Maryland Move Not Just About TV Money
When the news broke that the Big Ten was courting the University of Maryland and Rutgers the story revolved around the television money involved. It is a lot of money, some estimates say a potential payout for a new 14-team Big Ten could reach $30m a year, but it’s not the main motivator in a potential Maryland move that could cost the Terps as much as $50m in buyout cost. Those numbers are significant to any school, but especially one that recently cut athletics programs due to a $4m budget shortfall but it isn’t just t.v. money that will decide whether the Maryland Regents vote Monday to end a six decade long relationship with the ACC.
Maryland has long felt like an outcast in the Carolina centered ACC. As the northern outpost for much of the last 60 years, Maryland has had to travel into the backyard of conference powers UNC and Duke for the annual basketball tournament. Maryland fans have complained of bias by conference leadership and officials repeatedly over the years. While the recent additions of Virginia Tech, Boston College, Pittsburgh and Syracuse have shifted the conference north geographically, some Maryland officials still feel like they are being ignored.
When the latest batch of conference realignment started a few years back, Maryland was identified as one of the potential prizes. Maryland brings more to the table for a potential conference switch than most schools; a top academic program, access to two top 30 television markets (Baltimore and DC) and Under Armor owner Kevin Plank. Plank, and his company, have become major benefactors of Maryland, with a goal of making them an East Coast version of Nike-funded Oregon. The potential of that relationship elevates Maryland above the mediocre on field performances they have produced, and turns them into a potential national power. While Maryland has stumbled recently with the ill-advised hiring of Randy Edsall, the Terps still have a reasonable chance to become a perennially ranked program. With those advantages in hand, it is no surprise that Maryland was willing to be sweet-talked by a conference where they didn’t feel disrespected.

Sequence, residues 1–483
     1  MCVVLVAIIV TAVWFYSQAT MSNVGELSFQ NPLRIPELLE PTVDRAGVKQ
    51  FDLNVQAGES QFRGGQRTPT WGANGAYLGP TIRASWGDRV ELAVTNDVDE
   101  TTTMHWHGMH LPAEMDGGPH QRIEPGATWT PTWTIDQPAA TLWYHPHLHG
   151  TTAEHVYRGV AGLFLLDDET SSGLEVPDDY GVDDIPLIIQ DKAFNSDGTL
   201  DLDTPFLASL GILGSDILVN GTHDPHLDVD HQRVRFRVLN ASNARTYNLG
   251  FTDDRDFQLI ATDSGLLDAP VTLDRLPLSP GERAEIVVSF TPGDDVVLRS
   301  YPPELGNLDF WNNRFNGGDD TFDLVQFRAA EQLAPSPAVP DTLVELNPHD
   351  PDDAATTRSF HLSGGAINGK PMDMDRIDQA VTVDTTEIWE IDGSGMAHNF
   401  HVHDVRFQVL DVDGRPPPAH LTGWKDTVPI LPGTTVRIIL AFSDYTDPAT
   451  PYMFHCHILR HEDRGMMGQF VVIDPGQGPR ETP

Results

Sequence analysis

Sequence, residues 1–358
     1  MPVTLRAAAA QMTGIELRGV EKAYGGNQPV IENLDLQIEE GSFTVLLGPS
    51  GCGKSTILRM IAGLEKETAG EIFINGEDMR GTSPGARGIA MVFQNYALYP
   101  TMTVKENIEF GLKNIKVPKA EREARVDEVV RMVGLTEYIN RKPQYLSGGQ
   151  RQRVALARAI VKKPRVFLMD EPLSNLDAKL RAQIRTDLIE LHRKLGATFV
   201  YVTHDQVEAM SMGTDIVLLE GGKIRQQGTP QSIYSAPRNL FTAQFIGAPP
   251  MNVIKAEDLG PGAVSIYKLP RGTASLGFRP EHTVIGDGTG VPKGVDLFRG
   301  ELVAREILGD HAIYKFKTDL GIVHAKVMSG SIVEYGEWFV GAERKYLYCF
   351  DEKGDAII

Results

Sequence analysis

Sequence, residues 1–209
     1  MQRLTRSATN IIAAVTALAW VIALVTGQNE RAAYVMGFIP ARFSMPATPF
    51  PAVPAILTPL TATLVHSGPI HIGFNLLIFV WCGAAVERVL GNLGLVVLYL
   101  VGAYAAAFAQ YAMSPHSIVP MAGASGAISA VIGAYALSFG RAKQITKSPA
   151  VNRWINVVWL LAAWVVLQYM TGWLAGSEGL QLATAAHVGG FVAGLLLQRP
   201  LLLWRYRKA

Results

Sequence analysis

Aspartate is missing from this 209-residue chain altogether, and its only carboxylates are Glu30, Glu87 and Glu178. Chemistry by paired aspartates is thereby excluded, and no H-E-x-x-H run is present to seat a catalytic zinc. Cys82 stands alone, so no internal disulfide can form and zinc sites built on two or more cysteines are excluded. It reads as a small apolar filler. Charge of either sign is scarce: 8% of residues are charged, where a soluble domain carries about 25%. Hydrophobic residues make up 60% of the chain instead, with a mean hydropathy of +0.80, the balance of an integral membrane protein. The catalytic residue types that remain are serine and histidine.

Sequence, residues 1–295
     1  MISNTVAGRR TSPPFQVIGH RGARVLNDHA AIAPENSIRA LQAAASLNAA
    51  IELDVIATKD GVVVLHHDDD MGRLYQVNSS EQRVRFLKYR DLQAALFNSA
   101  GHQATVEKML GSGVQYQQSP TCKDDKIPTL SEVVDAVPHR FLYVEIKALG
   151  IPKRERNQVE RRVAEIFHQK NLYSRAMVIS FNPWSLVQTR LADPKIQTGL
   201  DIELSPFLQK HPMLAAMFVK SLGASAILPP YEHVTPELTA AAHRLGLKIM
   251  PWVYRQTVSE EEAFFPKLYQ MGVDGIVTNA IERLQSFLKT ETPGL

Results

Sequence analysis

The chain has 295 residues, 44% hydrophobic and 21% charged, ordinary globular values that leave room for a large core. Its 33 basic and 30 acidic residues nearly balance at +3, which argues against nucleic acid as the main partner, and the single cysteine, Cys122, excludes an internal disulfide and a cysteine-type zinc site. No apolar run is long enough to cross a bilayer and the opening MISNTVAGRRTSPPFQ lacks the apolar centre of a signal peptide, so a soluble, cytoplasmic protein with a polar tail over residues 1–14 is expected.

And it’s not just finances and ego that are motivating a Maryland move, but academics as well. The opportunity for Maryland to join the prestigious Committee on Institutional Cooperation will raise the profile of the research side of the University. The CIC is a collaborative program between Big Ten schools, and the University of Chicago, that allows schools to swap faculty and resources. Access to the CIC, and it’s nearly $6B in research funding, is a tempting addition for a school that cares about its academic ranking. The advances made by Penn State in both research funding and academic standings after they joined the Big Ten should prove to be a powerful motivator for Maryland, as it was to Nebraska recently. The ACC, with academic bottom feeders Miami and Florida State, can’t match the academic prestige of the Big Ten.
Now, there are reasons for the Terps to stay in the ACC. The first is obviously the $50m buyout they agreed to when the ACC went through their last round of expansion. It’s a large figure for any school to pay out, especially one with a structural deficit in their budget and a looming decision on Edsall’s contract. Those financial concerns appear to be mitigated, at least in part, by news that Plank cashed out $65m in stock in Under Armor. Plank, who wields considerable influence thanks to his financial contributions, will likely support the move to add Maryland to the larger Big Ten television footprint. Another concern, overblown by some in the media, is the destruction of Maryland’s traditional rivalries. While Maryland has a long considered Duke and UNC rivals, the Blue Devils and Tar Heals view each other as their primary rivals. A move to the Big Ten will not diminish the quality of the basketball schedule, and add a potential primary football rival in fellow new addition Rutgers.